Ticlopidine Side Effects
Medically reviewed by Drugs.com. Last updated on Apr 9, 2023.
Applies to ticlopidine: oral tablet.
Oral route (Tablet)
Ticlopidine can cause life-threatening hematological adverse reactions, including neutropenia/agranulocytosis, thrombotic thrombocytopenic purpura (TTP) and aplastic anemia. Hematological adverse reactions cannot be reliably predicted by any identified demographic or clinical characteristics. During the first 3 months of treatment, patients receiving ticlopidine must, therefore, be hematologically and clinically monitored for evidence of neutropenia or TTP. If any such evidence is seen, ticlopidine should be immediately discontinued.
Serious side effects of Ticlopidine
Along with its needed effects, ticlopidine may cause some unwanted effects. Although not all of these side effects may occur, if they do occur they may need medical attention.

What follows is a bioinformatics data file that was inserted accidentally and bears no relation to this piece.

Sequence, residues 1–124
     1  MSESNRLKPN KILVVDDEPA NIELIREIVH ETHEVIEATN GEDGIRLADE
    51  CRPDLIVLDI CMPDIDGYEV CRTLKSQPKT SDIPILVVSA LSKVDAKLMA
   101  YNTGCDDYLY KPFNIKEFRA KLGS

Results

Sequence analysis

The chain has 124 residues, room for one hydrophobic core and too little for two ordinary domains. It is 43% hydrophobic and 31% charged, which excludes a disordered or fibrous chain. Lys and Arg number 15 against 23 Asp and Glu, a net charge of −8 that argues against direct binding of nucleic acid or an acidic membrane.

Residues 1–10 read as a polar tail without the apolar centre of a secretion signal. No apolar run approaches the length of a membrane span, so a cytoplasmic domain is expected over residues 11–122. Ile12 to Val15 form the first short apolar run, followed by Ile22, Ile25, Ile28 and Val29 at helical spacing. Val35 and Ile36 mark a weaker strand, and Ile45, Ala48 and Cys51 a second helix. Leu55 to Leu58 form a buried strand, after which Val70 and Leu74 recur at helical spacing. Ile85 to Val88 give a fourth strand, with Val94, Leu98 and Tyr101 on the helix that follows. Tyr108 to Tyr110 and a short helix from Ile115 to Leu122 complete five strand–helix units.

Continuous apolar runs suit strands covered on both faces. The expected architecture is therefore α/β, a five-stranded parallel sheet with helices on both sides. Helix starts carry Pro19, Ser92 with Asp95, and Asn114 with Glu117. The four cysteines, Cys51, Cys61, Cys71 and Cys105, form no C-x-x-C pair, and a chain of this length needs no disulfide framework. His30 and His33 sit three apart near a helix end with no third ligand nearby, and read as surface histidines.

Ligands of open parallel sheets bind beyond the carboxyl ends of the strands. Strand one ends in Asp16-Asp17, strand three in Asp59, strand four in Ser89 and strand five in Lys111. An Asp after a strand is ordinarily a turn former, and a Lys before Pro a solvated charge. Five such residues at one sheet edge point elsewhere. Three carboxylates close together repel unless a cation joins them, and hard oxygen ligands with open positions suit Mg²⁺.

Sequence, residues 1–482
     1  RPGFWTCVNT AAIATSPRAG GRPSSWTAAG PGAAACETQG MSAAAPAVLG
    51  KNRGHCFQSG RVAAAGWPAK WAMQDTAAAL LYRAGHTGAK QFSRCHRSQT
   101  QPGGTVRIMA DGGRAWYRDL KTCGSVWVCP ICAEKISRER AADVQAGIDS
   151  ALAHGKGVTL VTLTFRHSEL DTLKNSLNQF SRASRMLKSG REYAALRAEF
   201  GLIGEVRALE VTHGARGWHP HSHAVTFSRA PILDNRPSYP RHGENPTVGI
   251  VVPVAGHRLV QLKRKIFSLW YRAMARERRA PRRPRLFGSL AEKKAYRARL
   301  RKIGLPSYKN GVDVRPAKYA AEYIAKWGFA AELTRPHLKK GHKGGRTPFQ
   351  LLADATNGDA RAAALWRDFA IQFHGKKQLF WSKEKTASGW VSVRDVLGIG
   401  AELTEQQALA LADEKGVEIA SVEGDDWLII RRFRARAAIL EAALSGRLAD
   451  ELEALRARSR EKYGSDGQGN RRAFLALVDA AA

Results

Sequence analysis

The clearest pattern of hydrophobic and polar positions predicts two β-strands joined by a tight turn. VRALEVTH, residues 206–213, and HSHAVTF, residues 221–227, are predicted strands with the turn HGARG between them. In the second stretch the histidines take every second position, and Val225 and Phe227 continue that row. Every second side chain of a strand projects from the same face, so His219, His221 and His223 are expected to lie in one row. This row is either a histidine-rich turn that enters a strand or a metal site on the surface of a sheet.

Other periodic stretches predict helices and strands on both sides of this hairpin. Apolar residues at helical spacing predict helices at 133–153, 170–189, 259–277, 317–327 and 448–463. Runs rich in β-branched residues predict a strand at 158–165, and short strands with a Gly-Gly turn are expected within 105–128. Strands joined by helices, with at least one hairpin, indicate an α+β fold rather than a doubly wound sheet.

Check with your doctor immediately if any of the following side effects occur while taking ticlopidine:
Less common or rare
- Abdominal or stomach pain (severe) or swelling
- back pain
- blistering, peeling, or loosening of the skin or lips or mucous membranes (moist lining of many body cavities, including the mouth, lips, inside of nose, anus, and vagina)
- blood in eyes
- bloody or black tarry stools
- bruising or purple areas on skin
- change in mental status
- convulsions (seizures)
- coughing up blood
- dark or bloody urine
- decreased alertness
- fever, chills, or sore throat
- headache (severe or continuing)
- joint pain or swelling